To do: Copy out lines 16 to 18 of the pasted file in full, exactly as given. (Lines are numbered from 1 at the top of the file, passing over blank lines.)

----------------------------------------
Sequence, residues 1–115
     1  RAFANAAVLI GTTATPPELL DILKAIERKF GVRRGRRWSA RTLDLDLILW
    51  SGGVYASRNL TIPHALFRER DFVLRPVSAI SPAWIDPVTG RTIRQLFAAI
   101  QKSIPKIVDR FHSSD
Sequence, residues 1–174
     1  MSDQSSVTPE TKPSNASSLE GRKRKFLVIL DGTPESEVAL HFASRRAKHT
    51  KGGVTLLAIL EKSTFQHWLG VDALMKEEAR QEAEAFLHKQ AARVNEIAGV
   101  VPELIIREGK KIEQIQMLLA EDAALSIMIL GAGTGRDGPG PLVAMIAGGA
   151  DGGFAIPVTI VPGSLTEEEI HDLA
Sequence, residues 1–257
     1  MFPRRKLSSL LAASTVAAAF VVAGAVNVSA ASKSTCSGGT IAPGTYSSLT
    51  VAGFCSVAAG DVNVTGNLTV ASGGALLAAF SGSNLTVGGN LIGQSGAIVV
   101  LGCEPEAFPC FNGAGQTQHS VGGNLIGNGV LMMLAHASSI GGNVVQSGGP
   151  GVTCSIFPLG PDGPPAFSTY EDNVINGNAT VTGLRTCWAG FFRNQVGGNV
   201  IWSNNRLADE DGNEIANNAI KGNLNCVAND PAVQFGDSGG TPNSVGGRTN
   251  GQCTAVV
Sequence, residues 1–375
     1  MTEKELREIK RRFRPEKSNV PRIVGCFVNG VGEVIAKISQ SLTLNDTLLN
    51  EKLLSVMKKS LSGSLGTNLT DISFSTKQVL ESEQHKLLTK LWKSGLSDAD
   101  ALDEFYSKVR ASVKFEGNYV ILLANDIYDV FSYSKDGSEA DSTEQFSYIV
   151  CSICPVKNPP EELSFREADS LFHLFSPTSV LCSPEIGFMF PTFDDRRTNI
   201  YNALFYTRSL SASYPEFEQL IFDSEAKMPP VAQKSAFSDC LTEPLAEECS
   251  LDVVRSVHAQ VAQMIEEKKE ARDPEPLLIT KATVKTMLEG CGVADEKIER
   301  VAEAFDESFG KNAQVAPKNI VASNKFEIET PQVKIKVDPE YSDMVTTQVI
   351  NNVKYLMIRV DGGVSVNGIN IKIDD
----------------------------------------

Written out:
   251  GQCTAVV
Sequence, residues 1–375
     1  MTEKELREIK RRFRPEKSNV PRIVGCFVNG VGEVIAKISQ SLTLNDTLLN